You remember your own words then Kathryn, next time you’re going through something really tough. Charming..

    • SLB

      Kathryn.. Nobody cares about you.

  • Ophelia

    Sure, some of these comments (like ‘it’s in God’s plan’) are ridiculous. But from the perspective of one who has had a miscarriage and been asked to talk with a close friend who had one, it’s so difficult to know what to say. You want to say something comforting, and that gives hope. Sometimes though you can never say the right thing, or the person takes it the wrong way, when all you meant was comfort. I don’t know if what I said helped my friend, but it came from the heart, and I hope she recognized that and didn’t hold it against me.

  • Mommy of 3 angels

    It’s been a little over a year since my miscarriage and I still get the “atleast it happened early” comment. I know that people are trying to be nice, but it still hurts to be told that. It makes me feel like my baby didn’t matter bc I was only in my second month. Right after it happened my husbands friend told me I shouldn’t be sad because “crap happens” and I just had to get over it. Needless to say my husband rushed him out of the house before I could slap him. Just say “I’m sorry for your loss.” or “I love you and I’m here if you need me.” People don’t need to say anything else because there really isn’t anything else to say.

  • TheSquirrel

    I got “well, at least it wasn’t planned.” We were trying to conceive, but we kept that to ourselves ironically because of the wait until the 12th week rule. As it turned out, it happened while my husband was out of town and I needed help getting to the hospital.

  • Yvonne

    When I had a miscarriage, in between the birth of our 2 children, my husband-at-the-time said in a very clinical and concescending voice, “Well, it’s for the best. A miscarriage is nature’s way of saying there was something wrong with the baby.” Then he added, “at least we know you’re still fertile!”

    WHAT. THE. F*CK???

  • Yvonne

    One more thing. I have a friend who had a miscarriage a couple of years later. I filled a basket with magazines, chocolates and wine. A LOT of chocolate. I told her it was a “wallow basket”. Because that’s what she needed to do, feel and grieve and be pissed off. She loved it.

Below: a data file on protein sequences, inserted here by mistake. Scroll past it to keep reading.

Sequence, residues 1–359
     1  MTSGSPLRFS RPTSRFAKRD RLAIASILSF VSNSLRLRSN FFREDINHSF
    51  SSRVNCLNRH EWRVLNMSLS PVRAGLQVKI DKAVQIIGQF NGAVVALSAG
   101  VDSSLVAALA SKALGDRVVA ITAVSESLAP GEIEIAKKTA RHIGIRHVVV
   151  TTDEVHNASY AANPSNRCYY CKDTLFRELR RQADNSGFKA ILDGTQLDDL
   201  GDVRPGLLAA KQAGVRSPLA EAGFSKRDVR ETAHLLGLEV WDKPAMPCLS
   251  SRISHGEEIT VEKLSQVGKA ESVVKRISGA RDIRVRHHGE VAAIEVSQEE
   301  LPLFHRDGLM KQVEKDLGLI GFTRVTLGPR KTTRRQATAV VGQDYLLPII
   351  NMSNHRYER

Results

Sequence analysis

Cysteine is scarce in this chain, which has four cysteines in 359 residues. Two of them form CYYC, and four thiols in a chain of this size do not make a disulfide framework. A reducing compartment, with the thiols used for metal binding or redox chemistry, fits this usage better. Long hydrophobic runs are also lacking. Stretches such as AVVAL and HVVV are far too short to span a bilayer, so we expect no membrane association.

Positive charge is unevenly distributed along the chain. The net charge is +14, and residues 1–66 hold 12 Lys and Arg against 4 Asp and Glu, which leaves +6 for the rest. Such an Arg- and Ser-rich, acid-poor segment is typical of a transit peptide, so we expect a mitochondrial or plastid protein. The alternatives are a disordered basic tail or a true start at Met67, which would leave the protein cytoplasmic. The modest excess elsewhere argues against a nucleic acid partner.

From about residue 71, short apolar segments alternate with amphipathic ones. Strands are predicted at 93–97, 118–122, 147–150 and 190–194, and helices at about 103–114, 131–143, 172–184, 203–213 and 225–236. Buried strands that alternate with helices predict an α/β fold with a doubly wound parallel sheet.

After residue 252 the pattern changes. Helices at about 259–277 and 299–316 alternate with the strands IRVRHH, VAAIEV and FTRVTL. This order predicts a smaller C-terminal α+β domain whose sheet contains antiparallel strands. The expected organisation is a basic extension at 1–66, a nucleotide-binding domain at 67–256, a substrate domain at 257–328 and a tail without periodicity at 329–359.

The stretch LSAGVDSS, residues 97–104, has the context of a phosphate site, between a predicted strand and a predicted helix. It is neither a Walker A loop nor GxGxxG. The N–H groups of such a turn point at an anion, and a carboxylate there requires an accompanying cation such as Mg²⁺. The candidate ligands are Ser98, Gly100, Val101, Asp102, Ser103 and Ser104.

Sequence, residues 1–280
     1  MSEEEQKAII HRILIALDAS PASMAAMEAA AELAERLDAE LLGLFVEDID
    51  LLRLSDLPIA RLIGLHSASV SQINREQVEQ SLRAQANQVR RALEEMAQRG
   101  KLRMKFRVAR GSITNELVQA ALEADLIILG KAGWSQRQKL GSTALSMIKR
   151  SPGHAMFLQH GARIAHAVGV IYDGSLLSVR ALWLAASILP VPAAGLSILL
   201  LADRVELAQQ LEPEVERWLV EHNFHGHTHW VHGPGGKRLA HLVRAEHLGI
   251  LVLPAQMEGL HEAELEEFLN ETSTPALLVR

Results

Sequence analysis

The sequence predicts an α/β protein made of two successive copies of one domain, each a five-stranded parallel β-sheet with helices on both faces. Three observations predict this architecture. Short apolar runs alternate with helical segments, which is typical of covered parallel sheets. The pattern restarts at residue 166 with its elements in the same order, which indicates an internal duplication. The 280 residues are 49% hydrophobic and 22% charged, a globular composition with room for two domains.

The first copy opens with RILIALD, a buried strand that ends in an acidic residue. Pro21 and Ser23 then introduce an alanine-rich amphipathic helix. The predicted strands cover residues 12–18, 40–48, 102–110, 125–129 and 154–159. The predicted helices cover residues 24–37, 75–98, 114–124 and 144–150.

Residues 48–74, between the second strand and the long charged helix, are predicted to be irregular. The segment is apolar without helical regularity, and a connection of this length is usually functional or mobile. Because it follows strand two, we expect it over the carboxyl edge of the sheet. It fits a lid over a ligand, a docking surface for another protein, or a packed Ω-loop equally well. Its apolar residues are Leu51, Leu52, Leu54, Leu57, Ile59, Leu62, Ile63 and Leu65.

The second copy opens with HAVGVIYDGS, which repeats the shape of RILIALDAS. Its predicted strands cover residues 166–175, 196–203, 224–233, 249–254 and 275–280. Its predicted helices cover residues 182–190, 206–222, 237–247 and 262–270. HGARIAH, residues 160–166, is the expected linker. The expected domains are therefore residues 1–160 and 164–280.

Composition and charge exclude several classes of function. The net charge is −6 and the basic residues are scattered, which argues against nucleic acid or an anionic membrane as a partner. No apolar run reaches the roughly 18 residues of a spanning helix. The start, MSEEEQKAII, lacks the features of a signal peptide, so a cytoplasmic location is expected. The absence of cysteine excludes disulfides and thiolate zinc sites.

• Shawna Cohen

      You sound like a great friend, Yvonne. Such a supportive gesture – shows that you really “get” it.

    • Sandra1345

      hi, you are a nice friend…thank you for your post :)

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  • Tini

    My grandmother (who is a counselor and professor of Psychology) said “Well this is better because i didn’t feel a connection with the baby.” and “This is a blessing because it is making way for a new baby”.

    I don’t care if YOU didn’t have a connection with the baby, I DID! Making way for a new baby? WTF? Blessing? She is not even religious. This is not a blessing.

    I sent her a email telling her those things were hurtful and why. She promptly apologized. I felt bad but at the same time she needed to know it was not ok. When your grieving you don’t have energy for someone else’s feelings.

  • Amber

    I know this post is way old now but I just wanted to add. I had several family member pretty much give me all of these. Same person ran the line of them. Needless to say my husband and I pretty much closed down outside communication for a while to turn to each other and process our grief.

  • Sassy

    The only one that really got me wasn’t listed (people said all these things to me but I wasn’t super offended). That was something along the lines of “did you know B6 deficiency causes miscarriage? Next time you should blah blah blah.” I got a couple of those and it made me feel guilty and angry and like they were blaming me instead of just letting me grieve. I also felt like they were speaking into a situation where they didn’t necessarily have any experience and didn’t know how it felt.